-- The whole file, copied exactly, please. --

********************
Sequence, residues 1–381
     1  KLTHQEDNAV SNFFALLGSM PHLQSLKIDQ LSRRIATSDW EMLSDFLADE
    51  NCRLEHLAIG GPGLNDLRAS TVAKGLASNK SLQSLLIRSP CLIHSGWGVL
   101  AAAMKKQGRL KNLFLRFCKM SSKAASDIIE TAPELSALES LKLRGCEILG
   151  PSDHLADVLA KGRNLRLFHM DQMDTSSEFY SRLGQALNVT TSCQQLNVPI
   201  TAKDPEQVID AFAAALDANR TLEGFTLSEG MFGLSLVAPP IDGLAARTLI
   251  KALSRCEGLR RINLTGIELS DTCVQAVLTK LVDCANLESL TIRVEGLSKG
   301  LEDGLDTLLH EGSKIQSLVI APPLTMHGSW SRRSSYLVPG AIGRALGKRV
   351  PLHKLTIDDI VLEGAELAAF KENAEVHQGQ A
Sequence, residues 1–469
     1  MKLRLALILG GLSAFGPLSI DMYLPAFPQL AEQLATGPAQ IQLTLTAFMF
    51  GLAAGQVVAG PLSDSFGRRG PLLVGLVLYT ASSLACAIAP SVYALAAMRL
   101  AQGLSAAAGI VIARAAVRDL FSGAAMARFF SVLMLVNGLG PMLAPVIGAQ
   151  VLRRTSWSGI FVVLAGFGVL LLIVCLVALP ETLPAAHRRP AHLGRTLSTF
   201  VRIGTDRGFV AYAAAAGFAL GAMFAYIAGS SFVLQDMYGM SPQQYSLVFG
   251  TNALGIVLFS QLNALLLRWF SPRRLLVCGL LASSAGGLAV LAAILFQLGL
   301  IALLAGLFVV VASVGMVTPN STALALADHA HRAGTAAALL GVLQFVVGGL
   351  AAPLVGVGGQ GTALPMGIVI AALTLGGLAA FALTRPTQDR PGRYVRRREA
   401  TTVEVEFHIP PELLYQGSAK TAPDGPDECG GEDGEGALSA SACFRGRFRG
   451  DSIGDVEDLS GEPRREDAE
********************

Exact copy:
Sequence, residues 1–381
     1  KLTHQEDNAV SNFFALLGSM PHLQSLKIDQ LSRRIATSDW EMLSDFLADE
    51  NCRLEHLAIG GPGLNDLRAS TVAKGLASNK SLQSLLIRSP CLIHSGWGVL
   101  AAAMKKQGRL KNLFLRFCKM SSKAASDIIE TAPELSALES LKLRGCEILG
   151  PSDHLADVLA KGRNLRLFHM DQMDTSSEFY SRLGQALNVT TSCQQLNVPI
   201  TAKDPEQVID AFAAALDANR TLEGFTLSEG MFGLSLVAPP IDGLAARTLI
   251  KALSRCEGLR RINLTGIELS DTCVQAVLTK LVDCANLESL TIRVEGLSKG
   301  LEDGLDTLLH EGSKIQSLVI APPLTMHGSW SRRSSYLVPG AIGRALGKRV
   351  PLHKLTIDDI VLEGAELAAF KENAEVHQGQ A
Sequence, residues 1–469
     1  MKLRLALILG GLSAFGPLSI DMYLPAFPQL AEQLATGPAQ IQLTLTAFMF
    51  GLAAGQVVAG PLSDSFGRRG PLLVGLVLYT ASSLACAIAP SVYALAAMRL
   101  AQGLSAAAGI VIARAAVRDL FSGAAMARFF SVLMLVNGLG PMLAPVIGAQ
   151  VLRRTSWSGI FVVLAGFGVL LLIVCLVALP ETLPAAHRRP AHLGRTLSTF
   201  VRIGTDRGFV AYAAAAGFAL GAMFAYIAGS SFVLQDMYGM SPQQYSLVFG
   251  TNALGIVLFS QLNALLLRWF SPRRLLVCGL LASSAGGLAV LAAILFQLGL
   301  IALLAGLFVV VASVGMVTPN STALALADHA HRAGTAAALL GVLQFVVGGL
   351  AAPLVGVGGQ GTALPMGIVI AALTLGGLAA FALTRPTQDR PGRYVRRREA
   401  TTVEVEFHIP PELLYQGSAK TAPDGPDECG GEDGEGALSA SACFRGRFRG
   451  DSIGDVEDLS GEPRREDAE